Freight businesses send warning to Ramaphosa

The opportunistic mass looting in KwaZulu-Natal and Gauteng and the wanton destruction of trucks and goods has spread to the wholesale and retail sectors and distribution centres in these areas – and there is a real and imminent danger this will spread to other provinces, says Gavin Kelly, chief executive of the Road Freight Association.

What started as sporadic incidents on one or two routes, has now spread to the total supply chain, affecting the transport legs, as well as destinations and originations, he said.

“With the total supply chain now being impacted, the economic effects are far-reaching – but the collapse of the supply of all goods will be the immediate result.

“Short-term losses already run into billions of rands; the long-term impact is yet to be fully realised.”

Kelly said that some of the notable costs include:

  • Depending on the category of vehicle, the type and value of the cargo, and the specialised equipment required for the cargo: this can be anywhere between R3 to R10 million per vehicle.
  • A simple calculation of capital losses (assets and cargoes at an average of R5-million per vehicle) of the 40 trucks destroyed to date amounts to around R250 to R300 million. Kelly said that trucks are still being destroyed at this moment.
  • The cost of loss of income through business closing is far greater: There are instances where small businesses have lost their only truck or trucks. This means loss of earnings/revenue for the business, loss of salaries paid to staff who would no longer have jobs, loss of revenue through the services and support the business uses such as fuel, storage, maintenance, tolls, staff requirements, licencing, etc.
  • The inability of employees who lose their jobs to support their families and the retail businesses they frequent in supporting their families’ needs;
  • The potential closure of businesses means fewer transporters available to perform work. Some companies might feel the industry is not a safe/secure environment and so their owners could decide to simply close their business;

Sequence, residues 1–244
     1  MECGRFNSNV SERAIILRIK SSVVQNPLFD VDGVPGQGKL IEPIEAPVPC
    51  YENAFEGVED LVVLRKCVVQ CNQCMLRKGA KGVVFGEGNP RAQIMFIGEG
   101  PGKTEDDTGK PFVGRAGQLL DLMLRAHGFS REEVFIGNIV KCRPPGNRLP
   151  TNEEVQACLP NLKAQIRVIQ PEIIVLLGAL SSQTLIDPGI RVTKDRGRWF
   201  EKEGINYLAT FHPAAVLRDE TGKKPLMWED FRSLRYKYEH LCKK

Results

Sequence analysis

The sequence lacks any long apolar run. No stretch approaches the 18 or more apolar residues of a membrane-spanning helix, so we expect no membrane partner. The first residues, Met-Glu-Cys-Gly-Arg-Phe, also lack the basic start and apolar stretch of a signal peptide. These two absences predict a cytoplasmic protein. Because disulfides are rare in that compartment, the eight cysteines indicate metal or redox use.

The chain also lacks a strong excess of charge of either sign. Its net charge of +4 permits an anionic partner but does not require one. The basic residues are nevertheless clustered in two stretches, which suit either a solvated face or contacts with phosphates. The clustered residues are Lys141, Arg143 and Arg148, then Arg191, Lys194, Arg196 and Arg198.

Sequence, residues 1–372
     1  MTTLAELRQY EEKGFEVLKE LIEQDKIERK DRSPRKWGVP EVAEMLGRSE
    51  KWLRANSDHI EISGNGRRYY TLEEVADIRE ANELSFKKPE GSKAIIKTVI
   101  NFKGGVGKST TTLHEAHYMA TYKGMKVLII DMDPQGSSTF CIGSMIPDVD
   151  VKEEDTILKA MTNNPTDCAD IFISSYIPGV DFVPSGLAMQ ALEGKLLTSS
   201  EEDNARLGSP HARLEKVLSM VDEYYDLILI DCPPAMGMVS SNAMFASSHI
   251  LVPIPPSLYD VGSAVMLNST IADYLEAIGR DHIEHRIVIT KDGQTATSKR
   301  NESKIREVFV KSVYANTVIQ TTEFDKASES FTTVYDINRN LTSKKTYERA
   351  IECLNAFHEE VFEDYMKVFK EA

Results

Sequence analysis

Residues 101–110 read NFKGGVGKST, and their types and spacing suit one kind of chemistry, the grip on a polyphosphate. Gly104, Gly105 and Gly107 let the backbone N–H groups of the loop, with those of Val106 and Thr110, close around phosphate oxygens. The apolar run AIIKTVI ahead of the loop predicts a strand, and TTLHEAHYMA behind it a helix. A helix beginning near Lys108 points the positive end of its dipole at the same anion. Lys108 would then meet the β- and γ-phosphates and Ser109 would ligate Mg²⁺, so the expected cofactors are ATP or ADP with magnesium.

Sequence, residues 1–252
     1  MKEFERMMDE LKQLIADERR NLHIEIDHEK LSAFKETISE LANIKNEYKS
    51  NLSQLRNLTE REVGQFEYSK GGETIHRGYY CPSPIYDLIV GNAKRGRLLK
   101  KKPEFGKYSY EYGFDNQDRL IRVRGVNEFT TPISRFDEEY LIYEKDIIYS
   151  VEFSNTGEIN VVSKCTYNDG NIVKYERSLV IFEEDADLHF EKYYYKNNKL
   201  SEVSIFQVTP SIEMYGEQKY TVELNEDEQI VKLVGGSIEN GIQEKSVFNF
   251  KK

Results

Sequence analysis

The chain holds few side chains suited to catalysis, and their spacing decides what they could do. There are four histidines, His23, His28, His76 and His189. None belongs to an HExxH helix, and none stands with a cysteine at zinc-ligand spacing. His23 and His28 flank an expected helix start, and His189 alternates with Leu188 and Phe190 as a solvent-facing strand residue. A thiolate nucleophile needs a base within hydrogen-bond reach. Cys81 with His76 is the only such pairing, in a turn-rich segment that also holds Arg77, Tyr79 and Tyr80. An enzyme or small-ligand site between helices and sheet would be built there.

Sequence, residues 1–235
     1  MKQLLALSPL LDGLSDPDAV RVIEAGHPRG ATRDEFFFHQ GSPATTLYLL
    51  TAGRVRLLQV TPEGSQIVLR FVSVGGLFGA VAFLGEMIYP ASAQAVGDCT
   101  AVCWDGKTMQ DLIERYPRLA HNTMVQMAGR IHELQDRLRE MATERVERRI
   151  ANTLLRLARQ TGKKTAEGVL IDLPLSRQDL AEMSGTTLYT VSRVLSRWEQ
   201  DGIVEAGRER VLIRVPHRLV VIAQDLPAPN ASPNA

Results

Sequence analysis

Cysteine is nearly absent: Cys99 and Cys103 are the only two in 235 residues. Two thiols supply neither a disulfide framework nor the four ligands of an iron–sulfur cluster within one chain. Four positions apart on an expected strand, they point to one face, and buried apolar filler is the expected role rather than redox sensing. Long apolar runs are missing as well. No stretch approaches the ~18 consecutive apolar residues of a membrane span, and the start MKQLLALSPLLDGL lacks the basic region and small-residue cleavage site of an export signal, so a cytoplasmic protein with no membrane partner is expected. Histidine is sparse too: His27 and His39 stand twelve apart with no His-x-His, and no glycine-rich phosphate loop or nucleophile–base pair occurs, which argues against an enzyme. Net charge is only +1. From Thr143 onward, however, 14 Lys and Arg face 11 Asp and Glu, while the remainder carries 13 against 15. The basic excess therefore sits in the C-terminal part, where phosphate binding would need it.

• Freight travelling through South African ports (especially the Port of Natal and along the corridors that have been targeted): cargo owners/customers will choose to move cargo through neighbouring countries. This has already been happening as South African ports become inefficient and the surrounding ports develop, improve and drive efficiencies up.
  • Costs relating to insurance will increase, as the risk to insurers has increased over the last three years, partly as a result of the constant attacks on freight. The evidence is clear that road freight is attacked as it is an easy target and the looting prospects are huge in terms of the quantity and the variety of goods that can be looted.
  • Security costs will increase, as logistics companies are forced to employ guarding services. Routing will change to safer (but perhaps far longer) routes, where control is easier.

Advisory group Aon echoed the warnings, saying that the riots and looting are rubbing salt in the wounds for businesses already decimated by the Covid-19 pandemic and lockdown – and the situation now presents a tipping point for many as to whether they survive or not.

The group said that the violence and destruction over the last few days have thrown supply chains into chaos and businesses are now scrambling to secure the weak links in their supply chains while trying to safeguard lives and property – all in a bid to reduce the risks to business continuity as far as possible.